Tom Patricola (January 22, 1891 – January 1, 1950) was an American actor, comic and dancer who starred in vaudeville and motion pictures. Born in New Orleans, Patricola established his fame as a hoofer, becoming a leading interpreter of the The Black Bottom dance.
Besides excelling at eccentric dances, Patricola also sang and played the ukulele. Marketing himself as a novelty act, Patricola was described as a "mop gone crazy" as he danced while simultaneously singing and playing the ukulele. He was also a noted clog dancer, using wooden shoes to beat out a rhythm on the stage.
His fame as a song and dance man was assured by five seasons as a headliner with George White's Scandals, a Broadway musical revue, from 1923-26 and 1928. He was noted for dancing the Black Bottom with Ann Pennington in the 1926 version of Scandals. While employed by George White, Patricola was coached by the African American choreographer Buddy Bradley.
With the advent of the talkies, Fox Film Corp. signed Patricola on as a contract player. He made his movie debut in the comic musical Words and Music (1929), which was the first credited screen appearance of John Wayne (billed as "Duke Morrison"}, but unlike The Duke, he never became a star, let alone a cinematic legend. From 1929-31, he appeared in feature-length musicals and several Spanish-language versions of English-language pictures. After mid-1931, he began appearing in comic shorts made by the Educational Film Corp. of America that were released by Fox.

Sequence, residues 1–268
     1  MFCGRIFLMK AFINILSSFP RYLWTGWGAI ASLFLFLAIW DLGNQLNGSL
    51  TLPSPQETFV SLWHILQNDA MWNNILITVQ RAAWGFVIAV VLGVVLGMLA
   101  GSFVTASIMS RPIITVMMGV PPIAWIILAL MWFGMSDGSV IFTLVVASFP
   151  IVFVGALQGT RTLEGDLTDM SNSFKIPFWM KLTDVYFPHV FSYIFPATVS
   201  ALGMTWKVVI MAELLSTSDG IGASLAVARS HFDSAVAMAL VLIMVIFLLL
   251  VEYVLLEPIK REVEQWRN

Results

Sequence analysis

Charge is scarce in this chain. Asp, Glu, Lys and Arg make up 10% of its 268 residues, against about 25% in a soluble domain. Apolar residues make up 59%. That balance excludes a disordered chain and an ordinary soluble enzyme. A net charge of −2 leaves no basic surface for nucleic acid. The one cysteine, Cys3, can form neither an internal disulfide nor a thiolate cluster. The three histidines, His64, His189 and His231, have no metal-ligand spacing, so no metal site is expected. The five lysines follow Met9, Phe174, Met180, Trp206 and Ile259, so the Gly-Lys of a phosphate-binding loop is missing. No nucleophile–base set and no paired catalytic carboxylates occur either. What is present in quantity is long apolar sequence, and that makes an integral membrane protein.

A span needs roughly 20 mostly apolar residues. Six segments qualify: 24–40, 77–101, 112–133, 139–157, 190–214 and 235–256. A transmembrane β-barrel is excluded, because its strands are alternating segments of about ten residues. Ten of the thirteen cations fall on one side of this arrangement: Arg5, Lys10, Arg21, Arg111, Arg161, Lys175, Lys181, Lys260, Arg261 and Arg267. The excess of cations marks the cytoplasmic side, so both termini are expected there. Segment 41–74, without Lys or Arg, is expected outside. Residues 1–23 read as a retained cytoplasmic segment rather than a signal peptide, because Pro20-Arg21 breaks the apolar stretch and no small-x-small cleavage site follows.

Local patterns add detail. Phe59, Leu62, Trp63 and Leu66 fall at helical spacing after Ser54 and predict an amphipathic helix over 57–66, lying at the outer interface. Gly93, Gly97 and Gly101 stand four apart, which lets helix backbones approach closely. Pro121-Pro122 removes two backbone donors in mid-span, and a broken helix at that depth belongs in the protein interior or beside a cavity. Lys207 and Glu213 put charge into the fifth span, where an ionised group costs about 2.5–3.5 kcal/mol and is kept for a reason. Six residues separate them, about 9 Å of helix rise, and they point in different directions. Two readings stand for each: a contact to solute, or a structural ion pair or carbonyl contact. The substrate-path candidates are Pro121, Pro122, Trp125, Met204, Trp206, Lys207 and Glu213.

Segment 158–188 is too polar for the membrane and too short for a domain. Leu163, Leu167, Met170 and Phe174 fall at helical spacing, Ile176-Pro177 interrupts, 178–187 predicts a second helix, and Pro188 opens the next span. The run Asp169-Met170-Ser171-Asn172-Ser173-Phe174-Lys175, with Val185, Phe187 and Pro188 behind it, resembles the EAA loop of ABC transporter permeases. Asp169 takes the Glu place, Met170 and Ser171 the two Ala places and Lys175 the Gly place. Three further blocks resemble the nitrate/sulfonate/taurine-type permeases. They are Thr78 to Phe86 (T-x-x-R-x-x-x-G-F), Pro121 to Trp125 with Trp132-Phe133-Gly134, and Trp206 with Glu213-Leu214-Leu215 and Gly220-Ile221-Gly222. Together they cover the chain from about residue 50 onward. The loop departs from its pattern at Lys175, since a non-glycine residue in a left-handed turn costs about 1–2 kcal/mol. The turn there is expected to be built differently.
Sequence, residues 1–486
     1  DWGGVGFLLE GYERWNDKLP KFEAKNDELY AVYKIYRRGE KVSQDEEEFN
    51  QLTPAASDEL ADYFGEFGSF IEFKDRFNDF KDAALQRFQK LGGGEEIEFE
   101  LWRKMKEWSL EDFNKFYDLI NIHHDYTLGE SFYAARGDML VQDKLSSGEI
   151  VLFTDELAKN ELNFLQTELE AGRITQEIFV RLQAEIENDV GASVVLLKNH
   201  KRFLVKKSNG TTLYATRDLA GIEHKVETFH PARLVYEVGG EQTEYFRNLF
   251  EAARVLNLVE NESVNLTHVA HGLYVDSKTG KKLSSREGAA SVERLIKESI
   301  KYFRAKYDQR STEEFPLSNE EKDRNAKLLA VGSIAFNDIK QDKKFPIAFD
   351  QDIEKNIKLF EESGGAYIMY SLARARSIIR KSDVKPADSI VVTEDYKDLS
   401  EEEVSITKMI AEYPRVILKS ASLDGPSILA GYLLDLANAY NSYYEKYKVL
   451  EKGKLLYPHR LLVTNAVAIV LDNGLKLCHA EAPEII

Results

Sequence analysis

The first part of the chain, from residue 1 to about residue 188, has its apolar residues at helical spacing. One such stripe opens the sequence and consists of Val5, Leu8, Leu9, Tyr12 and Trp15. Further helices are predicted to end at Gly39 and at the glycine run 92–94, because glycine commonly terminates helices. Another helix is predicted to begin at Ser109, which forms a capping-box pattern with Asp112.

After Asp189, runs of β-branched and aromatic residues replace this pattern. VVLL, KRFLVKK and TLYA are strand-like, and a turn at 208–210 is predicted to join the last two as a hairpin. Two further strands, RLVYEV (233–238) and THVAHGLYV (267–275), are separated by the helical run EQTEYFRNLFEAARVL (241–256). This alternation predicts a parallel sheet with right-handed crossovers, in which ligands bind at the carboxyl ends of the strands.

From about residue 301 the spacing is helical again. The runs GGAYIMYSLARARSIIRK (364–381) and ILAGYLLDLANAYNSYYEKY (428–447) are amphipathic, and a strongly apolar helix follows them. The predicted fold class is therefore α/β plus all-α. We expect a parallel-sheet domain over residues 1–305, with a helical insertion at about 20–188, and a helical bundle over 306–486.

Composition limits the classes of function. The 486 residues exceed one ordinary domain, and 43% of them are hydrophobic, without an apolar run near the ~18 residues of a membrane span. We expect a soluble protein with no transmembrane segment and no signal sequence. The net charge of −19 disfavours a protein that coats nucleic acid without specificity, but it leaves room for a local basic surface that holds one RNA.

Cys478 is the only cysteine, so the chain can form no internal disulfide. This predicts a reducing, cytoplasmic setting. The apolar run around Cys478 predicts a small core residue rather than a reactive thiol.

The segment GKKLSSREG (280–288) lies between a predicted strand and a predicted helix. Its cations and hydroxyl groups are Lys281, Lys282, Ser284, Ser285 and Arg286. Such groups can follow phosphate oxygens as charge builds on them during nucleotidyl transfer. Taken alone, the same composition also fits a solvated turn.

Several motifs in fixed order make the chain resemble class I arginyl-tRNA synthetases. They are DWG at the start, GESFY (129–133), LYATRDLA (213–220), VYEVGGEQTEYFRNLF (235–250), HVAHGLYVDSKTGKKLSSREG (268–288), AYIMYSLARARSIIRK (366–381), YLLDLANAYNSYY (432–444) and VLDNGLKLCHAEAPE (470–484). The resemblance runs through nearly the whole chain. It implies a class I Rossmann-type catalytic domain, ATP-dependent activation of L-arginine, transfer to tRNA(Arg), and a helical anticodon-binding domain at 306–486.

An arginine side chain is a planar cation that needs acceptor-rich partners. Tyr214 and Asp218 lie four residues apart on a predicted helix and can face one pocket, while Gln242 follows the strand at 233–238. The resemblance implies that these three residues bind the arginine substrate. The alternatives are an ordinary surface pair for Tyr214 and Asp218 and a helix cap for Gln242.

Patricola made his last short for Educational in 1938. Thereafter, he only made two confirmed appearances in the movies, in uncredited bit parts. He made one final appearance on Broadway in the musical-comedy Hold Your Horses, which ran for 88 performances in 1933. He reportedly appeared in George White's 1932 Broadway revue Music Hall Varieties.
Patricola died on New Year's Day, 1950 in Pasadena, California, after undergoing brain surgery. His sister, Isabella, had a successful career in vaudeville as a singer and violinist. She recorded the song "Somebody Loves Me" in 1924.